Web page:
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First of all, I know there is a lot of questions about this topic. I've read most of them, but I really don't know whether it's lack of proper OO programming, or if I'm missing something.

So I have a class xmlRead that reads in an XML file into some lists. I want to unit test this class. I reckon the easiest way to start of is to test addDataToList(). But that's a private method. So I'm wondering if I should make it public, or test the public method ReadTheXmlFile().

public class xmlRead 
{
    List<string> ... // A couple of lists that need to filled with data from the XML document
    xmlDocument xDoc = new xmlDocument

    public void ReadTheXmlFile()
    {
        // Find default file, if it doesn't exist, ask user for file through Openfiledialog
        // and open XMLDocument + error handling if XMLdocument is empty etc.
        xDoc.load(filepath);
        takeInXmlData();
    }

    private void takeInXmlData()
    {
        addDataToList(list<string> list1, xmlNode 1);
        // More addDataToList for different lists
        ...
        addDataToList(list<string> list2, xmlNode 2);
    }

    private void addDataToList(list<string> inputList, xmlNode)
    {
         foreach (XmlNode node in xmlDoc.SelectNodes(xmlNode))
         {
             inputList.Add(node.SelectSingleNode("Specific name of node").InnerText);
         }
    }

So I tried to separate things as much as possible. But this also means my method addDataToList is very small, but easy to unit test. But I also feel it shouldn't be a public method either. I could of course test the public method ReadTheXmlFile(), but then I'd have to make specific test cases for each outcome of error detection, and in my opinion I wouldn't properly test the actual intake of data into the list.

Am I just too overprotective and should I make addDateToList (or takeInXmlData) public? Or should I just test the public method ReadTheXmlFile until I've taken into account all the possible ways?

It just feels like a lot of work, which sort of goes against the principle of short, simple unit tests.

PS: No need to worry about the fact that I load xDoc directly here, I have an Interface that manages the loading of the XML document (which I can stub later to break the dependencies). The focus is on the private methods here.

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you shouldn't need to test private methods, if they are complicated then the design needs to be looked at again. –  luketorjussen Feb 7 '12 at 10:58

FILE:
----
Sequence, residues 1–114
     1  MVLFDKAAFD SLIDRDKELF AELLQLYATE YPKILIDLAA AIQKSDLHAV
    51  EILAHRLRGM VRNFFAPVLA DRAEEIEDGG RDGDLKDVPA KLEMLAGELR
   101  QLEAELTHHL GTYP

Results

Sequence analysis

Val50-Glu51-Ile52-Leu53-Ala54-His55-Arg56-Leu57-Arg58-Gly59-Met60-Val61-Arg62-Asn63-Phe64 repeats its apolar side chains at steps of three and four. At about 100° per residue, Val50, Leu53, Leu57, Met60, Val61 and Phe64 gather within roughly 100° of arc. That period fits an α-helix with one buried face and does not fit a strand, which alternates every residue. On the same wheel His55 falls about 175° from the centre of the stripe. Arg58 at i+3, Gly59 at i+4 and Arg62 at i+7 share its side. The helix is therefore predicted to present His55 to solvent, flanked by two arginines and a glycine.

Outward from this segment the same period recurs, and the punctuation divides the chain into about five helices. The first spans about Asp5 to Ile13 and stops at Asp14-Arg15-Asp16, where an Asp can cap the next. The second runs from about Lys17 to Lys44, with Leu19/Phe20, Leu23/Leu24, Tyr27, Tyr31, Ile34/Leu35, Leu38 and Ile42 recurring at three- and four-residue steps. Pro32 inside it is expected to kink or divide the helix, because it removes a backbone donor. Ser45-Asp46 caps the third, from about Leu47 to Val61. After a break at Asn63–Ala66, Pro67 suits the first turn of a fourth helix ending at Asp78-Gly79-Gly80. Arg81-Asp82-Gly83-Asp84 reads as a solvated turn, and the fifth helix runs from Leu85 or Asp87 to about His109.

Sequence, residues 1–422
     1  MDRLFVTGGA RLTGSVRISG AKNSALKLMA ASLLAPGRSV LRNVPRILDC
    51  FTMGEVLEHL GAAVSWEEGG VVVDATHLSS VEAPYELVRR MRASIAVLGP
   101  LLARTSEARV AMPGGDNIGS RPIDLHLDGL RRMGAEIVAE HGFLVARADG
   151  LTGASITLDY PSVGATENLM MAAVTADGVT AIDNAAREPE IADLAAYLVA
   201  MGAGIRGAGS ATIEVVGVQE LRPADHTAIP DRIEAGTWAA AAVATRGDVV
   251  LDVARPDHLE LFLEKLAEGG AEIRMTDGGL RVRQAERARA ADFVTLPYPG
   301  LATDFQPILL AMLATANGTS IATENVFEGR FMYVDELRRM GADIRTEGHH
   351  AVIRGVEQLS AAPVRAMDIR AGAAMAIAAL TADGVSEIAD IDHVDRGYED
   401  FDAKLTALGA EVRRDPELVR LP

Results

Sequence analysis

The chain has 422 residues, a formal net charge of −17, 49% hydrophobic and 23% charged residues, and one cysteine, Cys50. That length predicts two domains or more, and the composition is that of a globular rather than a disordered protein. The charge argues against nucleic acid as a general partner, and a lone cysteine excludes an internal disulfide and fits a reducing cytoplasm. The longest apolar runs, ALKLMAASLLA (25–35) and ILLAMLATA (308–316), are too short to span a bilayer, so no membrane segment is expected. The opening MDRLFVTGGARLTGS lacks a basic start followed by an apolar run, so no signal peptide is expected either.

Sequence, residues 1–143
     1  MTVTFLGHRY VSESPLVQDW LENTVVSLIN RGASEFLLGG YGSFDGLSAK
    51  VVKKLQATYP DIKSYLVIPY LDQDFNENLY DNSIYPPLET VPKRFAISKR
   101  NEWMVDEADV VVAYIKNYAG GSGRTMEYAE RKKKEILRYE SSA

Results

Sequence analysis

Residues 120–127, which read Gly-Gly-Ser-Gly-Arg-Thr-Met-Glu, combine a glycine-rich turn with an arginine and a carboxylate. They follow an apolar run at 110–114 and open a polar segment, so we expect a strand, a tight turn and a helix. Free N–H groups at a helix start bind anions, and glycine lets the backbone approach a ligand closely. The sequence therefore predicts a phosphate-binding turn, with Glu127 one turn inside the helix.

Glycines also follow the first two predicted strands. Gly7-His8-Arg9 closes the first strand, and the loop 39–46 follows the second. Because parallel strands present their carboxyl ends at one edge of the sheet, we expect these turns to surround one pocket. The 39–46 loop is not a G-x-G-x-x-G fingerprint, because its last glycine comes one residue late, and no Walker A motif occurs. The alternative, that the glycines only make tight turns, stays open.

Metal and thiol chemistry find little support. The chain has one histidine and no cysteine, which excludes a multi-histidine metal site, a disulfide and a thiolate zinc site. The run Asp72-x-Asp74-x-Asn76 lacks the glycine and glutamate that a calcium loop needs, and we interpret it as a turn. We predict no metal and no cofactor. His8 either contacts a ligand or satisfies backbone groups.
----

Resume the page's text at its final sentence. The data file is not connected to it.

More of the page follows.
That's the thing, they are not. They are like 3-4 lines of code. Hence why I want to test them. They get called "a lot". Thus I break something I will instantly know because of the unit test. –  Enthusiastic Programmer Feb 7 '12 at 11:00
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4 Answers 4

up vote 1 down vote accepted

Your addDateToList method is implementation detail. What you want and should test is ReadTheXmlFile method. You even already spotted what should be tested:

Find default file, if it doesn't exist, ask user for file through Openfiledialog and open XMLDocument + error handling if XMLdocument is empty etc.

  • test what happens when find fails (this sounds like external dependecy job tho)
  • test error handling
  • test XML document being empty
  • test propert XML is returned upon success (this will implicitly test private methods)

And about this:

I could of course test the public method ReadTheXmlFile(), but then I'd have to make specific test cases for each outcome of error detection, and in my opinion I wouldn't properly test the actual intake of data into the list.

That's what you should indeed do. If your method has multiple possible error outcomes, each should be tested. It doesn't get any simplier than that. Most frameworks make this (multiple input/output testing) really easy with attributes such as NUnit's TestCase.

On a sidenote, if you find yourself in strong need of testing private method, it's usually good indicator that your class is doing too much stuff and extracting private method's functionality to external object might be worth considering.

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You can use the InternalsVisibleTo attribute to allow the unit tests to see your method while keeping it private for the rest of the world.

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I didn't know about that one. Thanks for the info! –  Mr Lister Feb 7 '12 at 10:47
    
True, but remember the method will have to be marked internal instead of private. –  Steve Haigh Feb 7 '12 at 10:52
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Reflection allows you to call private methods and read or write private fields from outside of the class, but is really verbose to write.

In C# 4.0, this problem can be solved in a neat way using dynamic typing.

If you can use use C# 4.0 in your unit tests, check out this article:

Testing private methods with C# 4.0

A simple usage:

public class Service {
    private int Step1() {
        return 1;
    }
}

[TestClass]
public class TransparentObjectTests {
    [TestMethod]
    public void PrivateMethod() {
        dynamic s = new Service().AsTransparentObject();
        Assert.AreEqual(1, s.Step1());
    }
}
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1  
Nice answer, I finally got this github.com/Cognifide/ExposedObject –  fifth Mar 6 '13 at 9:11
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you can try,

Open the AssemblyInfo.cs file. Add this code,

[assembly: InternalsVisibleTo("Your Test Library Name")]

Then, change private - to - internal

you can write test for your internal methods in XmlRead class.

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